Consumer debt, credit cards and the small business trap

Many small business owners rely on personal savings and credit cards for funding their business. The excitement and energy that helped them start might turn into stress and despair when cash is not flowing and debt starts piling up. If you are like most small business owners starting with a brilliant idea and little money, you might be in a double trouble.

credit cards credit history

You used your personal and business credit cards to the max to solve day-to-day operational issues –buying supplies, and paying for services or miscellanea. You dug into your 401K, life insurance accounts or equity loans to finance startup costs, equipment and/or pay salaries. You asked for personal loans from family members or a business loan from passive investors such as friends or colleagues. Your business and your personal credit are at risk. If this is you, you are trapped into consumer and business debt at the same time.

Getting out of debt in this case is a two-fold problem so I recommend a two-fold strategy. On one hand, make a “reality check” of your business; on the other, negotiate with your debtors. Easy to say but here are some ideas you can try:

Your business

  • Evaluate your expenses and decide which ones you can hold off

Make a through inventory of all business expenses. Do not forget your petty cash! See where and how you can cut expenses not essential to the life of your business.

  • Shop for new vendors or negotiate prices with your current ones.
  • Shop for overhead expenses’ additional discounts; providers are always having “special offers.”
  • Hold off all new planned equipment or business expansion investments unless you are 100% sure they will increase business.
  • Train current employees to conduct additional tasks or participate in promoting the business. Offer some incentive; train them in word-of-mouth techniques. You never know who can bring you a new customer and it is in their best interest not to lose their jobs!
  1. Assess your business with your head, not with your heart

    Mother looking at college bills
  • Evaluate which products or line of products and services are really bringing you money. Discard those that don’t –even if you personally love them-, and enhance those that do. Look for additional services or products under those categories.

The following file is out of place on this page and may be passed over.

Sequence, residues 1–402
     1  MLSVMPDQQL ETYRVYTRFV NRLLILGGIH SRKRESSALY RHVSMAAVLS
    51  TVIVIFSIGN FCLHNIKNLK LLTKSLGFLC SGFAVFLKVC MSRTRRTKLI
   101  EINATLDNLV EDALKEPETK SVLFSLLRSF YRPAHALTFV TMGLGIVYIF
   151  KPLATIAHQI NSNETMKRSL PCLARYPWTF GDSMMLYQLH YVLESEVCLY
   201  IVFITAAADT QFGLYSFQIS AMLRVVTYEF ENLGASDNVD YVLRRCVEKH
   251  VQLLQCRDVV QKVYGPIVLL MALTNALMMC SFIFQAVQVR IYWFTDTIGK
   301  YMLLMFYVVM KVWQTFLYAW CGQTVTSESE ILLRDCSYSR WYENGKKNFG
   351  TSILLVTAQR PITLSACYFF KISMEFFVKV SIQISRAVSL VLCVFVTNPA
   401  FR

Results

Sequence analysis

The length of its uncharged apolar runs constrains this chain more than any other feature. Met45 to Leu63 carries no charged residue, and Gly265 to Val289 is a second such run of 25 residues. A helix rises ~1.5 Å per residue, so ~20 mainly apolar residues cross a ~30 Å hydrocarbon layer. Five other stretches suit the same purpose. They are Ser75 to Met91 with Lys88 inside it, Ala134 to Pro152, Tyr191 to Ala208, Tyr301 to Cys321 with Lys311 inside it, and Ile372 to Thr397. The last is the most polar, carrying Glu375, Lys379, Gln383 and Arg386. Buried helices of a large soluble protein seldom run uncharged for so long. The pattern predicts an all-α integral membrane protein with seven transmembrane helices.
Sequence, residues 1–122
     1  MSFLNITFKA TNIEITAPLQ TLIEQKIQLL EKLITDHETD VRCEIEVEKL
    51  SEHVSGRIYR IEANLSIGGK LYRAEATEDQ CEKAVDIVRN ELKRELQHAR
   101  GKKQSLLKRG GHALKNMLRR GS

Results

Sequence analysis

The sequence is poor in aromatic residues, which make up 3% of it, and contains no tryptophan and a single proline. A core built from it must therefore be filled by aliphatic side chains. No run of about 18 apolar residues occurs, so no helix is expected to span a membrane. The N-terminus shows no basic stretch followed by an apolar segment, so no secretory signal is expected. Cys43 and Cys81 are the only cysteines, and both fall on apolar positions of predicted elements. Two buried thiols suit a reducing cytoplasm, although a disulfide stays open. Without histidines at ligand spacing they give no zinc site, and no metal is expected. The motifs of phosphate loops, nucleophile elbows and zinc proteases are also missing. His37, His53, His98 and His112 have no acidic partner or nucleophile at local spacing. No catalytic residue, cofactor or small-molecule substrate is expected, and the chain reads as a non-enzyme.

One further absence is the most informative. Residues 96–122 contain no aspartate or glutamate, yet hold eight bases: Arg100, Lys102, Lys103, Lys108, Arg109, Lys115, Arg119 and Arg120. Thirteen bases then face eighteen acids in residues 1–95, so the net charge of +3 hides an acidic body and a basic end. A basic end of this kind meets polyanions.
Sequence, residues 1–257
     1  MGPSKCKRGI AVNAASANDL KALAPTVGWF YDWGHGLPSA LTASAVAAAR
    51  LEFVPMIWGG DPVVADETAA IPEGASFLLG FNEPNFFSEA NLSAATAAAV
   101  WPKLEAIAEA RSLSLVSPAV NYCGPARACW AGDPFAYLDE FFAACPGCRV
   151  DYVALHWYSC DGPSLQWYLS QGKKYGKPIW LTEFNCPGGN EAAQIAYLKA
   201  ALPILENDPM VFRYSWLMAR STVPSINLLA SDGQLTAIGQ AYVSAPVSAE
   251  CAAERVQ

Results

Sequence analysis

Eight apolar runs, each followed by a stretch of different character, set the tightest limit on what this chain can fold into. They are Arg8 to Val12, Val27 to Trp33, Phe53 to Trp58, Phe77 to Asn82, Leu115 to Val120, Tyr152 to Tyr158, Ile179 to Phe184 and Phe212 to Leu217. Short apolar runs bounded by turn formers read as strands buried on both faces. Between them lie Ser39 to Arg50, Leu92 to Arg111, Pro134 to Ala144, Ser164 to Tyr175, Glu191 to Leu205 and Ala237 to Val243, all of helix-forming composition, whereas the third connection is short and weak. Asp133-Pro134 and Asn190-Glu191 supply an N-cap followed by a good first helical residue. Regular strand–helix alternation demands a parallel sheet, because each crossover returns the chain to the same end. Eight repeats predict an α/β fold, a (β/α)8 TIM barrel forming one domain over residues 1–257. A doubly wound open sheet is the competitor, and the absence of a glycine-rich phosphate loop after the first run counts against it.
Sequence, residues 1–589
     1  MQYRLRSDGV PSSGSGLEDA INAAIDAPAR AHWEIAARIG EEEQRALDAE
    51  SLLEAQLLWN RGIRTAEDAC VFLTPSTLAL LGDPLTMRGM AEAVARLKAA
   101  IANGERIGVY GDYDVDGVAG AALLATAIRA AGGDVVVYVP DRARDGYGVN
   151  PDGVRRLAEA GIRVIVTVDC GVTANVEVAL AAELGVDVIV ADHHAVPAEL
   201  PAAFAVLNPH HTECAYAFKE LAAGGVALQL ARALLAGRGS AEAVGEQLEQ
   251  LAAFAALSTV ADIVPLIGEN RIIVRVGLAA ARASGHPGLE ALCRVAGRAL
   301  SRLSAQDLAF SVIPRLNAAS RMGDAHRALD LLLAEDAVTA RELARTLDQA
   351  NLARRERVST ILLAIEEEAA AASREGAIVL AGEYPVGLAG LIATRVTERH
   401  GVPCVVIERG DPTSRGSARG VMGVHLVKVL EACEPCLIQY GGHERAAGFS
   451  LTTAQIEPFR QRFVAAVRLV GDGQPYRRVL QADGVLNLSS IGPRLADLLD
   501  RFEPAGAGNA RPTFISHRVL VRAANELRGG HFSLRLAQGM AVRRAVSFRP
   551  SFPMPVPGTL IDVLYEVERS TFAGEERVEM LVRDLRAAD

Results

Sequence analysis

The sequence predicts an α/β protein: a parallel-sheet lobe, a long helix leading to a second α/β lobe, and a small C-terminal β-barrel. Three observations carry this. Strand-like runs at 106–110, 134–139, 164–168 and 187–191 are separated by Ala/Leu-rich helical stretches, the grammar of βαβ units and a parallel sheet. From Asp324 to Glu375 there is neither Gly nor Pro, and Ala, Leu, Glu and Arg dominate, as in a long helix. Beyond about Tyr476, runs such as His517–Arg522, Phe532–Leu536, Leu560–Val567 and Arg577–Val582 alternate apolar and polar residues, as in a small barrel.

• Evaluate your staff performance and see if you need to make “adjustments.” (I’m not kidding!) Keeping people on payroll that are not producing enough to pay their salary is your first red flag and you need to act upon it. You business livelihood depends on productive people, especially if you have a very reduced staff.

Your debt -including your credit cards

  1. Assess your debt situation and decide which fires you need to put out first

Write down a list of outstanding amounts starting with your most pressing debts. Then go down one by one.

  • Include the total amount of your loans, credit card debt or other debt; the interest rate you are paying on each; and the time of repayment.
  • Prioritizing can include starting with the larger debts, or those that are sorely overdue, or those with higher interest rate. All these factors play a very important role in debt accumulation.
  • Separate your personal and credit card debt from your business debt.
  • Once you see everything in writing, you will be able to set up a possible repayment plan and negotiate with your debtors.
  1. Deal with your debtors

We all hate bad news. Your debtors do to. Open communication with your debtors builds trust and credibility so that when bad news comes, they are not caught by surprise and can decide whether or not to cut you some slack.

  • Negotiate with your landlord your monthly rent; maybe you can escalate your payments, starting at a lower amount now and compensating the difference in the last year of your contract.
  • Work on consolidating your credit card debt and cut your credit cards in half –really, with scissors!
  • Beware of organizations “helping” with debt consolidation. There are good, bad and ugly ones out there. Even if they have a “non-profit” status, check very closely their fees and upfront costs. Read reviews!
  • Negotiate with your credit cards directly. Do not give up! Ask for a manager, make your case, pledge your willingness to repay, ask for help, and insist!
  • Negotiate with your family members if you owe them money. Offer them an eventual “piece of the pie” if they are willing to wait a little or to become part of your business. You might be able to replace a non-performing employee with a family member that has his/her best interest in mind.
  • Same with your business debtors, negotiate a part of your business or a percentage of potential profits. Most entrepreneurs do not like to share their business vision but a new perspective might be helpful in this case.
  • Reach out to SBA local agencies to get free help and counseling for your business.

You can also follow these same tactics at home –holding off unnecessary expenses, assessing your family budget with your head, evaluating your debt, and asking your family members to cooperate.

One big mistake a lot of parents make is not to include their children in problem solving situations. Do not pass onto them your concerns, but ask them to help save expenses and sacrifice a little, which is a lesson for life!

Mostly, do not despair. At the end of the day, you need your best thinking and a clear mind to lead your small business. Worry gives us a false sense of control and it is really useless. Taking steps to solve the problem is your best bet.

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